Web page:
Voting without voters: In Uttar Pradesh, areas with low turnout are hubs of migrant workers

EC plans to reach out to migrant workers via postcards to encourage them to vote, but it may be too little, too late

By Vivek Mishra
Published: Wednesday 03 April 2024
A computer center in Raniyapur, Shravasti, to assist migrant workers and local labourers with digital paperwork. The area is predominantly inhabited by the Tharu tribe. Photo: Vivek Mishra / CSE

Uttar Pradesh has the highest number of voters in the country but has a low voter turnout, Chief Election Commissioner Rajiv Kumar recently pointed out while reviewing election preparations in the state. While the Election Commission (EC) has devised a plan to encourage voters to exercise their franchise in the upcoming general elections, the steps may be too little, too late. It is also interesting to note that most regions with low turnout in the last Lok Sabha polls are hubs of migrant workers. 

Previously, Down To Earth reported that a considerable portion of UP’s electorate will be absent during the upcoming seven-phase Lok Sabha elections scheduled between April and June 2024. Migrant workers who visited their villages for the festival season will now only be able to return for paddy transplantation next in the monsoon season.

Read more: Voting without voters: Uttar Pradesh migrant workers to be home for paddy transplantation next, may skip Lok Sabha polls

The EC’s Turnout Implementation Plan (TIP) has identified 22 districts in UP where voters will be encouraged to vote as frequently as possible.

During the 2019 Lok Sabha elections, UP recorded less than 60 per cent voter turnout. The districts with low turnout have a large number of migrant workers who work in other states from March to June.

In 2019, there were 13 Lok Sabha seats in the state with less than 55 per cent voter turnout. These include Phulpur (48.57 per cent), Kanpur (51.39 per cent), Allahabad (51.75 per cent), Shravasti (52.02 per cent), Gonda (52.11 per cent), Dumariaganj (52.26 per cent), Pratapgarh (53.36 per cent), Bhadohi (53.45 per cent), Lucknow (54.78 per cent), Amethi (54.05 per cent), Sant Kabir Nagar (54.15 per cent), Ballia (54.35) and Kaushambi (54.56 per cent).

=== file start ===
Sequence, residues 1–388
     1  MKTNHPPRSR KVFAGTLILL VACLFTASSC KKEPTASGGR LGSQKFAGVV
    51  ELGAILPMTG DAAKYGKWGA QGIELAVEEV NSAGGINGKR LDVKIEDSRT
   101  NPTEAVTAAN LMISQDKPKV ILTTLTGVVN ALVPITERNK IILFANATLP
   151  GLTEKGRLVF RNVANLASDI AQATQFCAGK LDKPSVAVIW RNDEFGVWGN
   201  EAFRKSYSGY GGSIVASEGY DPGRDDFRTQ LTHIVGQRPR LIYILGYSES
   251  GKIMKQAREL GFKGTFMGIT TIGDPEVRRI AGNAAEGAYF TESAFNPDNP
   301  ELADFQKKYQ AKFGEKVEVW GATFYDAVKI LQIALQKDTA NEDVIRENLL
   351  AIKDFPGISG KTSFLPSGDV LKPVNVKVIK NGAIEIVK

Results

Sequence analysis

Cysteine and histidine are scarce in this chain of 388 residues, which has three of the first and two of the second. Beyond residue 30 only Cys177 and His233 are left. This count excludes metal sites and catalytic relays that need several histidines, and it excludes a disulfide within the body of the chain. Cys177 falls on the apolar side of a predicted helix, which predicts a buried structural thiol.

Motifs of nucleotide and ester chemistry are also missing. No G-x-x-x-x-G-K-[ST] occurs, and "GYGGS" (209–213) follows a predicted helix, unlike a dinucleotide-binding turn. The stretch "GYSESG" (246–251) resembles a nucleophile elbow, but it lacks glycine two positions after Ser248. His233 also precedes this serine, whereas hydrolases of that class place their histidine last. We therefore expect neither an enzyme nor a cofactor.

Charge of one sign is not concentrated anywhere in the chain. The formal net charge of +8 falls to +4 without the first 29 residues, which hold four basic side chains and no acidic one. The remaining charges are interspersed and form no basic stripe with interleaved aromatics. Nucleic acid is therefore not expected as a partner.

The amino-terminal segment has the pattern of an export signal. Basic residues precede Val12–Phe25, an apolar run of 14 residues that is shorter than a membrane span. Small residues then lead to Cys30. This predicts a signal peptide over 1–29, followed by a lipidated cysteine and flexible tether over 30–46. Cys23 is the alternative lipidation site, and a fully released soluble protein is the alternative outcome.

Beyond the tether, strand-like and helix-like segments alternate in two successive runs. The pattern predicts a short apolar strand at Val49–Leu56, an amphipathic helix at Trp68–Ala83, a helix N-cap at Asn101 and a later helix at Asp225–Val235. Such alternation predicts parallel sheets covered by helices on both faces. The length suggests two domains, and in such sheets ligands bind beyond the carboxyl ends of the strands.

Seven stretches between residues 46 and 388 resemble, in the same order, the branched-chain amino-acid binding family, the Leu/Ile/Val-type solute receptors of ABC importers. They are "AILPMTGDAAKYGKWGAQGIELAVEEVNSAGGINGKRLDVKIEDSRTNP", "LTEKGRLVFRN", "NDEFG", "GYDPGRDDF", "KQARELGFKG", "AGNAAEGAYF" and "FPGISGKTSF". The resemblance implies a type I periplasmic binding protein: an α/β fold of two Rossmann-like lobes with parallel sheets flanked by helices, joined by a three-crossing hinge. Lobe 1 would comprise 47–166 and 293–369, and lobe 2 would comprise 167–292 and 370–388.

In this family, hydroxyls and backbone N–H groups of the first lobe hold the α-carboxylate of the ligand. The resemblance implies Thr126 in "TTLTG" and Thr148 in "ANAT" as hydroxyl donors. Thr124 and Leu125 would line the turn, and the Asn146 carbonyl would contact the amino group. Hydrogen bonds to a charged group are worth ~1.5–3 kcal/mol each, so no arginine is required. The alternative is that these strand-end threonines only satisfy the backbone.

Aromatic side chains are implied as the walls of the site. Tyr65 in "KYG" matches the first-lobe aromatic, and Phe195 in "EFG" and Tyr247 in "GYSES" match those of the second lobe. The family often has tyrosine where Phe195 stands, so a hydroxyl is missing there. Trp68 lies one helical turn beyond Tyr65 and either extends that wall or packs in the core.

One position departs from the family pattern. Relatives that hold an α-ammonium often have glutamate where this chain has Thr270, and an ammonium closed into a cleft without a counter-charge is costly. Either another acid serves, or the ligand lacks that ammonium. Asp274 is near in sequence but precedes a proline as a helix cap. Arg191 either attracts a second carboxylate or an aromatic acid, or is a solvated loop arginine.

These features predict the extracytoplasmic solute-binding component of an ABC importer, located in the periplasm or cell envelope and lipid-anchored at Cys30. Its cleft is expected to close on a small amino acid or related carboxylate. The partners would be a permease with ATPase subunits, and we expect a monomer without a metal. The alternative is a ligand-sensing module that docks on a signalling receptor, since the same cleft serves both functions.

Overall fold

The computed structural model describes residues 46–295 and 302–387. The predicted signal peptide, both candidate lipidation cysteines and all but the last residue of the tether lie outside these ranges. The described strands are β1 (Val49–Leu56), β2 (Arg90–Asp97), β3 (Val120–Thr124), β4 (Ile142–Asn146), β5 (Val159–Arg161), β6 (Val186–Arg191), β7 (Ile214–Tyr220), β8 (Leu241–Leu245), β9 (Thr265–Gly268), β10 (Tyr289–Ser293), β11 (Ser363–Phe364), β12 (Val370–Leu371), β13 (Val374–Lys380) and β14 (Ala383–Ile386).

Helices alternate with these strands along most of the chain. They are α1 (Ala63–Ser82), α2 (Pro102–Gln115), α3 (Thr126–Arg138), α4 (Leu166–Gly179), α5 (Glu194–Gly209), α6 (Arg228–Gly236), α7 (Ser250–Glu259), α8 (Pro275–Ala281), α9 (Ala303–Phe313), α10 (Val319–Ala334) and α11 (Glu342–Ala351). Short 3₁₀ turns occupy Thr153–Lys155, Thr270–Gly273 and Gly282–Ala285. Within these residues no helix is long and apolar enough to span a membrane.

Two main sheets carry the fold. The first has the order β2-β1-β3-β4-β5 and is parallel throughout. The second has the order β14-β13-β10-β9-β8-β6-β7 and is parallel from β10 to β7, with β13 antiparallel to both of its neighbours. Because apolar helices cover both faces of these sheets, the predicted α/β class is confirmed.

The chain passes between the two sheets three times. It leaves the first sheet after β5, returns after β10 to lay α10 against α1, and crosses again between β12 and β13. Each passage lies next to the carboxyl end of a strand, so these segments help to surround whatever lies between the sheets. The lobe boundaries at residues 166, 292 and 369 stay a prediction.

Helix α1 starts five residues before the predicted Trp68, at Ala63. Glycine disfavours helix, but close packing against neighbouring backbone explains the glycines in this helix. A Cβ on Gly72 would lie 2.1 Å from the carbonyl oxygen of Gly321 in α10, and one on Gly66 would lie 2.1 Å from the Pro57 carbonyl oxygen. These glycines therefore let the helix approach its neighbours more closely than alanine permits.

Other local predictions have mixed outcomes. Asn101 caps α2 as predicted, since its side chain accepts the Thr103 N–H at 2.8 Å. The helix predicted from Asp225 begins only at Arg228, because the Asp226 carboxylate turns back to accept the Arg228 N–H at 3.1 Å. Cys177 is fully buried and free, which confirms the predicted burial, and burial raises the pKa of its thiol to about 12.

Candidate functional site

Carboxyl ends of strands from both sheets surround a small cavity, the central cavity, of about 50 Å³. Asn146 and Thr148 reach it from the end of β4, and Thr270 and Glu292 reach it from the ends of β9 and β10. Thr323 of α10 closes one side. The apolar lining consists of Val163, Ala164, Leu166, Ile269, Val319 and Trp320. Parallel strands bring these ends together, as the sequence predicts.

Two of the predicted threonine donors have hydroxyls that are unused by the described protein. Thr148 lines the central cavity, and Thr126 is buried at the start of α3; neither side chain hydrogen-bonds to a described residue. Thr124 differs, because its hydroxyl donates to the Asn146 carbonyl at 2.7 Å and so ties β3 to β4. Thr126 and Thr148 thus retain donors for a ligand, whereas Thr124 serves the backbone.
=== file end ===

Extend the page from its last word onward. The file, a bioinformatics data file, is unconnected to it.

At the same time, some Lok Sabha seats with less than 60 per cent voting were Jaunpur (55.77 per cent), Sultanpur (56.37 per cent), Unnao (56.47 per cent), Fatehpur (56.79 per cent), Shahjahanpur (56.15 per cent), Rae Bareli (56.34 per cent), Robertsganj (57.37 per cent), Bahraich (57.24 per cent) and Basti (57.19 per cent)

Azamgarh (57.56 per cent), Deoria (57.9 per cent), Varanasi (57.13 per cent), Akbarpur (58.13 per cent), Jalaun (58.49 per cent), Etawah (58.52 per cent), Hardoi (58.54 per cent), Ghazipur (58.88 per cent), Gorakhpur (59.81 percent) and Faizabad (59.69 per cent) were also included.

Data collected during the COVID-19-induced lockdown showed 4 million people returned to UP. The highest number of migrant workers were from Terai and Purvanchal districts.

Read more: Voting without voters: Migrant workers in Odisha’s Nuapada unable to afford trip home to cast ballot

In the previous Lok Sabha elections, most districts in Western Uttar Pradesh saw high voter turnout, with only Ghaziabad at 55 per cent. However, districts in the Terai and Purvanchal regions had a lower turnout. Hence, there’s a focus on increasing voter participation in these areas.